What really happens in a two-way bilingual classroom

Usually, when I tell people I'm a bilingual teacher, their eyes glaze over. Given the negative attention bilingual education has received lately, this doesn't surprise me. Tales of Spanish-only instruction and high Latino dropout rates pepper the news.

But what really happens in a bilingual classroom?

As my 28 second-graders enter our two-way bilingual classroom each morning, they go to their tables. At each table sits a mix of English-dominant students, Spanish-dominant students, and students who are bilingual. For their first task of the day, they pool their linguistic resources to choose their table leader.

Next, the calendar helper announces the date in both Spanish and English. Today, instruction in the morning will be primarily in Spanish, in the afternoon English. Next week I'll switch - English instruction in the morning and Spanish in the afternoon.

After silent reading we begin our math lesson in Spanish. I remind students to help others at their table who may not be fluent in Spanish yet. While they are working, students take turns doing a similar activity in pairs on the computer. I put an English-dominant student with one who is Spanish-dominant. The English-dominant student helps his or her partner by reading and translating computer menus and instructions when needed.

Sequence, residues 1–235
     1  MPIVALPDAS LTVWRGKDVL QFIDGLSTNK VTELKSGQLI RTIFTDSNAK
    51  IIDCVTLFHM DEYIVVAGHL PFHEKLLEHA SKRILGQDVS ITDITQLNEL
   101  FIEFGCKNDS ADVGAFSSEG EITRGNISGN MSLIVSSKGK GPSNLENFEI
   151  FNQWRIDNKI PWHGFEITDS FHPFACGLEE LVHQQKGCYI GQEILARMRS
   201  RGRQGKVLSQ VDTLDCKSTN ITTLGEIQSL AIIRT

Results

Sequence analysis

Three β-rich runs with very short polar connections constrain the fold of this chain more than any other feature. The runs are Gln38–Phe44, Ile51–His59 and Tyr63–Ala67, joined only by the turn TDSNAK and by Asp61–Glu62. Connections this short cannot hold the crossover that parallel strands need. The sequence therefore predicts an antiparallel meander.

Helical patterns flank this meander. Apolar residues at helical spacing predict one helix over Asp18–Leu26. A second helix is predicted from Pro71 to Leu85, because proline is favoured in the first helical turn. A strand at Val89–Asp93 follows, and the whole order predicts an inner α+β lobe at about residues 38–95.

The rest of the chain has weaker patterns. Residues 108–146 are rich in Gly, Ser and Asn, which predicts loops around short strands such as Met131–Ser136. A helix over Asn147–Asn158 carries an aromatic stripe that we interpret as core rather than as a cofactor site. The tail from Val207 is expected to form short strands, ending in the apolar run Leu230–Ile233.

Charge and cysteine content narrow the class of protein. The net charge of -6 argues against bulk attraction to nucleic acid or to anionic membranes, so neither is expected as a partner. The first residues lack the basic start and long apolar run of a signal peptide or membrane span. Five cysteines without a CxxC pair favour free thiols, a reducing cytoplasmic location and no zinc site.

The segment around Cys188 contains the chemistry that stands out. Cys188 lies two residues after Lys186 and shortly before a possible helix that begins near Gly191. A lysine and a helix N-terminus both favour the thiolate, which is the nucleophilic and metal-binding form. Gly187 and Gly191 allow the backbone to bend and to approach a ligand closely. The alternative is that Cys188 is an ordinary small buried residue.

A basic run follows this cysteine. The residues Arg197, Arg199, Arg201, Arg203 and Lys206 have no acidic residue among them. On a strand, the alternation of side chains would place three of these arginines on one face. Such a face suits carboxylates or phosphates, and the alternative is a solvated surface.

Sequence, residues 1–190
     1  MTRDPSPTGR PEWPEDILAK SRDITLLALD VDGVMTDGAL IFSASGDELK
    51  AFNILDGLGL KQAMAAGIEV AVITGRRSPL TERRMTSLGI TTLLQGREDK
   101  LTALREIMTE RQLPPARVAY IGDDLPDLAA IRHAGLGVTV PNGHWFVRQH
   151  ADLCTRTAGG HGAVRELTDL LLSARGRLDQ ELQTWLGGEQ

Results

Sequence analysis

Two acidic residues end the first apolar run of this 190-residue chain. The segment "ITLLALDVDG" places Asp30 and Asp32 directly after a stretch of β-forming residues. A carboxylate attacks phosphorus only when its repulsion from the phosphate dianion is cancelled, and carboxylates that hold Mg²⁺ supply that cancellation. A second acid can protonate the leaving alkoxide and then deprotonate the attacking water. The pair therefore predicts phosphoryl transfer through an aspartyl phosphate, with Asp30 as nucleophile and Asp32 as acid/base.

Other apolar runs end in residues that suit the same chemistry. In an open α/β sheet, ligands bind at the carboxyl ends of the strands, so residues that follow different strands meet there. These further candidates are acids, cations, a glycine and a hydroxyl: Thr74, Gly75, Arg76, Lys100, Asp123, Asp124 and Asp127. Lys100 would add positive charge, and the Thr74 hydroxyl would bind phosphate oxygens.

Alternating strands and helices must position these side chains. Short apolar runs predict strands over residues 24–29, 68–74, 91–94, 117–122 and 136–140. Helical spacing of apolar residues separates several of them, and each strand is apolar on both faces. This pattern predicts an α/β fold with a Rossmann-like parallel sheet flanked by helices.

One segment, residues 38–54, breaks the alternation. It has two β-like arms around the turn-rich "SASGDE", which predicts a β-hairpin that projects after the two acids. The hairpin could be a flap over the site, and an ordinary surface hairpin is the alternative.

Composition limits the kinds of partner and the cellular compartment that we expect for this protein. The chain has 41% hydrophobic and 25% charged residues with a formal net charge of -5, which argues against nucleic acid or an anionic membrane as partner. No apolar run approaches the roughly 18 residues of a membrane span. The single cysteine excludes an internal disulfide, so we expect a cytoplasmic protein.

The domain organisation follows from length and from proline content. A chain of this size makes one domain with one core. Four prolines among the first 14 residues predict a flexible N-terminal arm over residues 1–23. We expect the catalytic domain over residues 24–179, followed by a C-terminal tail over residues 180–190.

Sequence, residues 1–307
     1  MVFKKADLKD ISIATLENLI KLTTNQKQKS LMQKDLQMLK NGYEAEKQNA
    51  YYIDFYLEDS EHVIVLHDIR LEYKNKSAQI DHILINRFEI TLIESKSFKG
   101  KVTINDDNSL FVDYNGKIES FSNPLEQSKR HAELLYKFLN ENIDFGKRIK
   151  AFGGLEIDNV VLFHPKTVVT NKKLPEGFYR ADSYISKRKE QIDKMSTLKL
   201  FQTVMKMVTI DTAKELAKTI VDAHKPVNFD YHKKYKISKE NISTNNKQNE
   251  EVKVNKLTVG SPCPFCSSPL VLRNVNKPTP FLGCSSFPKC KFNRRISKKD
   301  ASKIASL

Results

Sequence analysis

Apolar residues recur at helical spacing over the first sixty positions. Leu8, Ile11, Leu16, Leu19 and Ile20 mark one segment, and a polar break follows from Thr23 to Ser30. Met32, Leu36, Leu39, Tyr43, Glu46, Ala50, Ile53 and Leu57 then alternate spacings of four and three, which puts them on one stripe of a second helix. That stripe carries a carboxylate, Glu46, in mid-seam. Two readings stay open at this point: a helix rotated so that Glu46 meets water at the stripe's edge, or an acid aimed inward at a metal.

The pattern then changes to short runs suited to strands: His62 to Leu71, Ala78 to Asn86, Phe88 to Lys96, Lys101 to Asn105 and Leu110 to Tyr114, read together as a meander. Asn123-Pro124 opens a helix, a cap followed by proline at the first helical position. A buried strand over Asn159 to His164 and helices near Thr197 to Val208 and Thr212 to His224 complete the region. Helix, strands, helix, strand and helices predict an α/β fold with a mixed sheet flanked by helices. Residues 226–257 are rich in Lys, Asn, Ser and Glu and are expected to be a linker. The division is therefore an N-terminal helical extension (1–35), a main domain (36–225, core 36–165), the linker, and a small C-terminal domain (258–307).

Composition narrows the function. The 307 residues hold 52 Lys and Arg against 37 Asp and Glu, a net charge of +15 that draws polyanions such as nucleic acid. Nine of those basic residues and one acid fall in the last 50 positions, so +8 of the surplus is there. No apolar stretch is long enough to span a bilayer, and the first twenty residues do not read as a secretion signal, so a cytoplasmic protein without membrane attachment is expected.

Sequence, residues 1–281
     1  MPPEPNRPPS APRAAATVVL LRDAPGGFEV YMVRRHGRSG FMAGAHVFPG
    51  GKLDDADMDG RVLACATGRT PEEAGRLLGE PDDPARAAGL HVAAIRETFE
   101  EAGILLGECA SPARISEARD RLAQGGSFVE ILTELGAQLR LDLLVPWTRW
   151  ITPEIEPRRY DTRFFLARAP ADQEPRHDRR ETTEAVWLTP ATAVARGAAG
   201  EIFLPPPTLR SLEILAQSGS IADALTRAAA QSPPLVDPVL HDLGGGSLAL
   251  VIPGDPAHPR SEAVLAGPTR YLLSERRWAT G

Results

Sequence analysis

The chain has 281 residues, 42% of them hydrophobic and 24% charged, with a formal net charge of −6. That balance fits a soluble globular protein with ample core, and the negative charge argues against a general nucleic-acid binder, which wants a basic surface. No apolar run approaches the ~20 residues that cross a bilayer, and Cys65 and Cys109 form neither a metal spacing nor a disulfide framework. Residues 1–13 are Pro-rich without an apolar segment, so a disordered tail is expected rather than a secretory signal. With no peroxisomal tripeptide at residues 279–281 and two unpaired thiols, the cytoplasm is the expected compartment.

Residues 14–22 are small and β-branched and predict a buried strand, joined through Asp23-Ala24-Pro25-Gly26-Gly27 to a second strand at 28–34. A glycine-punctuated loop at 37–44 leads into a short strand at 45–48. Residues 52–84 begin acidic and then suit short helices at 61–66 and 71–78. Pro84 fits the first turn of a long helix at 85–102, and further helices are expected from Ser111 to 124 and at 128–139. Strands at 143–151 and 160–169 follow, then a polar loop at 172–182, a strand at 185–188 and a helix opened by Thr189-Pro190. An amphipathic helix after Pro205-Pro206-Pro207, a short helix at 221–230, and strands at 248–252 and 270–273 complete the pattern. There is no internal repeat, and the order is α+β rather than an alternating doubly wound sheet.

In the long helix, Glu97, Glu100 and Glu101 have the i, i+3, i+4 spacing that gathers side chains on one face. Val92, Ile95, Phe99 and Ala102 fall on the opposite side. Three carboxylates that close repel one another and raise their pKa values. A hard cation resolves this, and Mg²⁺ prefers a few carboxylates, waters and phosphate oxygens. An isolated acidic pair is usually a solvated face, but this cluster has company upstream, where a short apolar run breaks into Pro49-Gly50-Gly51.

Language-arts centers follow math. Students rotate among the centers in mixed-language groups and are pulled aside for single-language reading groups. Today, Martin's group first reads independently, then students respond in their journals to the book they've read. Martin reads above grade level in Spanish and comprehends and speaks English well. He is beginning to alternate Spanish books with English books. Today he is reading "The Three Little Pigs" in English.

After lunch I begin the social studies lesson, taught in English, with a brief overview of the key concepts in Spanish. This helps developing English speakers. Next comes Art. Last week I taught a similar lesson in Spanish so this one, taught in English, will also be easier for developing English speakers.

After physical education, students spend the last half hour of the day listening to a book. We have almost finished reading "Charlotte's Web." I have copies of the book in both Spanish and English, which I read from alternately by chapter. As my students leave class, they have taken steps forward both academically and linguistically.

Like other second-grade teachers, I want them to experience academic success. The goals for bilingual ed are the same as the goals for any sound education program. Bilingual educators employ practices that conform to current research. The difference is we also want our students to learn and succeed in two languages - and they do.

Ironically, the most challenging aspect of teaching a two-way bilingual class - the multiple levels of proficiency students have in their second language - is also its greatest resource. My classroom is a beginning, intermediate, and advanced English and Spanish class all rolled into one.

Meeting students' needs at all of these levels plus advancing them academically is a daunting task to say the least. But each day they have meaningful opportunities to increase their second-language abilities through interactions with their peers who are also fluent role models.

* Cathy Amanti is a second-grade bilingual teacher in Arizona's Tucson Unified School District.

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